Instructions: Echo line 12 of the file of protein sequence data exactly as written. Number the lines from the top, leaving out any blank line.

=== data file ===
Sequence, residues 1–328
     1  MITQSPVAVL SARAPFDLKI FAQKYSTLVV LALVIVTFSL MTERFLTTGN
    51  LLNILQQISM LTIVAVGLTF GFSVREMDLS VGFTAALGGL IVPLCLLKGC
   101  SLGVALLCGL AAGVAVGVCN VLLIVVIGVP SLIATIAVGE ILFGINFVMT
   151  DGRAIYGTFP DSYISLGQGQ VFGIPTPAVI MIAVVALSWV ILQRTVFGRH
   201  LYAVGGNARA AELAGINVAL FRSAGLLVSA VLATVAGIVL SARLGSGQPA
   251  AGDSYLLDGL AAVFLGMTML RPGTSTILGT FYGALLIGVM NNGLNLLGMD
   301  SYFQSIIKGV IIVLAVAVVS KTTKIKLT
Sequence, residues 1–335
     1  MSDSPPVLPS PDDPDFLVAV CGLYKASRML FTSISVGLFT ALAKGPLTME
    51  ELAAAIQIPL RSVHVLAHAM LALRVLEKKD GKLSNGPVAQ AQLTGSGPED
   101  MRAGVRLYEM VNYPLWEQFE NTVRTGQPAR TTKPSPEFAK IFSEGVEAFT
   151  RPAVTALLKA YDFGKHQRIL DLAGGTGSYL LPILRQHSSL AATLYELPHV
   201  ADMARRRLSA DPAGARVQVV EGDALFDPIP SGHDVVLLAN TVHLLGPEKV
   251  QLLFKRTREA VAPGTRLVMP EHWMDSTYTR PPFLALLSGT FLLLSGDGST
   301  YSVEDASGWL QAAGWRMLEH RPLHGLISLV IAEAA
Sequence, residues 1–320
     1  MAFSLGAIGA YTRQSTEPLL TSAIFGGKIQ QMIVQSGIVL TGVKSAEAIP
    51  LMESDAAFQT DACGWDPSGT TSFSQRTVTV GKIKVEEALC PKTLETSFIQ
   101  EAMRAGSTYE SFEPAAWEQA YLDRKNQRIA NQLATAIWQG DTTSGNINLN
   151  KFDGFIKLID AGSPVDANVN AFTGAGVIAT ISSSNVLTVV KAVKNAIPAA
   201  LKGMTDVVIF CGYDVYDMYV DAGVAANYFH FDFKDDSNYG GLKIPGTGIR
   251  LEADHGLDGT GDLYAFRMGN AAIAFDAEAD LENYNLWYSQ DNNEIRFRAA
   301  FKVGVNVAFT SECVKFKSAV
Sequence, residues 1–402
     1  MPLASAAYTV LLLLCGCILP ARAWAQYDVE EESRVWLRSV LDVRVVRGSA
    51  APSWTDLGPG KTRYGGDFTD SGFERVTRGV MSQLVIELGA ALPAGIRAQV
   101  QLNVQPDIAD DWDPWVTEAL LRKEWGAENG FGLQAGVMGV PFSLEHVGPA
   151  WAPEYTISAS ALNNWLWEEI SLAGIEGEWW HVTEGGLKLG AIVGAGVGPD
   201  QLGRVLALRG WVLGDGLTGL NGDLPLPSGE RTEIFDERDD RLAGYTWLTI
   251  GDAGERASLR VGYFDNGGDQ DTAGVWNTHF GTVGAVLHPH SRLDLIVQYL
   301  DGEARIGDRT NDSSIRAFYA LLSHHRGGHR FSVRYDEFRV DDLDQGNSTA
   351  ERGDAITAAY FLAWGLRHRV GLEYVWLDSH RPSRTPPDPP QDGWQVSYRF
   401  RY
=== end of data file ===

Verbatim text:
   101  MRAGVRLYEM VNYPLWEQFE NTVRTGQPAR TTKPSPEFAK IFSEGVEAFT